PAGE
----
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Blog RESEARCH YEAR III, TERM II

BARBARA HEPWORTH

“I rarely draw what I see. I draw what I feel in my body.”

I remember first encountering Hepworth’s work on an Instagram post (quoted above) made by the National Portrait Gallery to commemorate her birthday. Then it followed by a post by Tate:

“All my early memories are forms and shapes and textures. Moving through and over the West Riding landscape with my father in his car, the hills were sculptures; the road defined the form. Above all, there was the sensation of moving physically over the contours of fulnesses and concavities, through hollows and over peaks – feeling, touching, seeing, through mind and hand and eye. This sensation has never left me. I, the sculptor, am the landscape. I am the form and I am the hollow, the thrust and the contour.” – taken from Tate’s Instagram

  • This also supports my idea of using sculpture as a method of recalling memories through touch!
  • Doing so sets you back to that time and space, allowing you to envision it more vividly!

I also quickly want to refer back to the first quote: “I rarely draw what I see. I draw what I feel in my body.”

  • I found this particularly inspiring at this point because it just supports incorporating or even basing the drawing experience off from personal and emotional experiences, either with the memory being recalled, the sensation of it/the present time, or of the material and subject matter at hand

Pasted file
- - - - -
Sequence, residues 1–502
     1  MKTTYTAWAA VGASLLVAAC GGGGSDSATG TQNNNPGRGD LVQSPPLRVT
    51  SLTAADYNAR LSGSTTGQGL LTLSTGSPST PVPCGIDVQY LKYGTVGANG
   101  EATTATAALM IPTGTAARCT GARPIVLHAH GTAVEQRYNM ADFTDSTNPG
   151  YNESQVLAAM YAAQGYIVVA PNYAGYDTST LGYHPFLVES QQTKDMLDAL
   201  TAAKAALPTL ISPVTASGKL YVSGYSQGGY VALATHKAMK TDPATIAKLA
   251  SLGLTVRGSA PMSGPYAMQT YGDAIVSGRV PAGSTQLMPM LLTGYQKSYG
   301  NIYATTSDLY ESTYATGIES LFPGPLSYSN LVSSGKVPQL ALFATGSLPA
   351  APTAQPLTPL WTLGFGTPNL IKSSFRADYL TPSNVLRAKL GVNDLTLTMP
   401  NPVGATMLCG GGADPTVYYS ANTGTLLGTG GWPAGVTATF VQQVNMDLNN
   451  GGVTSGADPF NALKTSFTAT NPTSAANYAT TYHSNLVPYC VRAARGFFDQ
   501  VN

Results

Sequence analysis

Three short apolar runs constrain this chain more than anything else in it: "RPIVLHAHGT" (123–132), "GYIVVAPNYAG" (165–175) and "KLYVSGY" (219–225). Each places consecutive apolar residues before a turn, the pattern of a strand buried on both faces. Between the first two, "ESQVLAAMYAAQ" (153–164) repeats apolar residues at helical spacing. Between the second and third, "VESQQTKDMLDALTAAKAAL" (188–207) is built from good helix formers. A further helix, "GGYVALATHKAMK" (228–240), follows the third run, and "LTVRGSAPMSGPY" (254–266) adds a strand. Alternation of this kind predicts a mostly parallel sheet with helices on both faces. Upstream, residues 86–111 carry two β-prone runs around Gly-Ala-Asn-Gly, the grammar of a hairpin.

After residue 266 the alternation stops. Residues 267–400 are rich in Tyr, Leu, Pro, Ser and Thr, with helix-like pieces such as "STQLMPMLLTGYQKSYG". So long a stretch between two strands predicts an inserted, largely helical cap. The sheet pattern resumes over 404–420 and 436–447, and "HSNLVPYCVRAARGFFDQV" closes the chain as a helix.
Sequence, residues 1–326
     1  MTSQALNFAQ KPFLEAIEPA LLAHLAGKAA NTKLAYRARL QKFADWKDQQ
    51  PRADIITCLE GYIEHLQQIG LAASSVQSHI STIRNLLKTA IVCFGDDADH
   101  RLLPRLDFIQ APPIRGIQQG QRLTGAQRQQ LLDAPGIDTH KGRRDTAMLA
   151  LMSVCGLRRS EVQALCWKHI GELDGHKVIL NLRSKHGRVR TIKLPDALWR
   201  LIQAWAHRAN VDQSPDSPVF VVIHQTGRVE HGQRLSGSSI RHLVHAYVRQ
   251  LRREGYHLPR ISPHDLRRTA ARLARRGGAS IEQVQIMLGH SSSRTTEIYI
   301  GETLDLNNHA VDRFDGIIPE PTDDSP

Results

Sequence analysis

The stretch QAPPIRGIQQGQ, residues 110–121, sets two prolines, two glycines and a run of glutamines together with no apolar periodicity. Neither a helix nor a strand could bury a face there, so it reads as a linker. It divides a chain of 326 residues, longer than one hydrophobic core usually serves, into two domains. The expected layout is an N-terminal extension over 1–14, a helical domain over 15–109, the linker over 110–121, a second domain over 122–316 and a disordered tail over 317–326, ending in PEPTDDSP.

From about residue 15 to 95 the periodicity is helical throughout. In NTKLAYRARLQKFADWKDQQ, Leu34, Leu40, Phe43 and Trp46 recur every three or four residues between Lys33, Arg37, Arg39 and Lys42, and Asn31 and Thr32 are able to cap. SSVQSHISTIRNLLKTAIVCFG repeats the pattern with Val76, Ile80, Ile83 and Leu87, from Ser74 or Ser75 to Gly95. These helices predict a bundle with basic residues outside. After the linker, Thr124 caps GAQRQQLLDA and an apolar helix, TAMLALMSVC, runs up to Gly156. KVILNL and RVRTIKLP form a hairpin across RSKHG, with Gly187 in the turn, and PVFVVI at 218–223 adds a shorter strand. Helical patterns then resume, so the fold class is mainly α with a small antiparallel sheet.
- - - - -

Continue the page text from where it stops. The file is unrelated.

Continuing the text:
• I have received some advice/feedback in the past about disregarding myself from my drawings, and although I see a valid point in there which I will not disregard, I see emotion, feeling and intuition as an inseperatable part of my practice – it’s what makes it so personal and intimate!
    • It also supports the fact that experience is subjective and memory is also subjective – we all pick up and commuincate present, past and future experiences differently

YouTube. 2015. Barbara Hepworth: Freedom And Form | FT Life. [online] Available at: <https://www.youtube.com/watch?v=yW78Qjnt2Qw&gt; [Accessed 3 February 2020].

  • “she was fascinated with our relationship to the natural world”
  • constantly experimented with new ways she could challenge sculpture so that it was not only something to be looked at but also something that the viewer could truly experience for themselves
    • something that immediately intrigues and engages the viewer
    • something that draws their attendtion and makes them want to investigate the piece
    • but it is also, if not more so, about the artist’s experience in the making of the artwork – her touch and physicality; her ability to touch and create through touch, sensation and intuitive responsiveness to her surroudings, are the qualities of the experience that personally draw the artist in – qualities which immerse would have perhaps immersed her completely in the experience
  • “abstracting influence of the natural world” clearly visible in her sculpture, as demonstrated by Mother and Child (1934)
  • colour and string to ARTICULATE the negative space
    • acknowledging the surrounding us space as also important in our being, and how we are an unseperatable part of our surroundings
    • the symbiotic relationship between the two
    • making the invisible space between us, palpable

 

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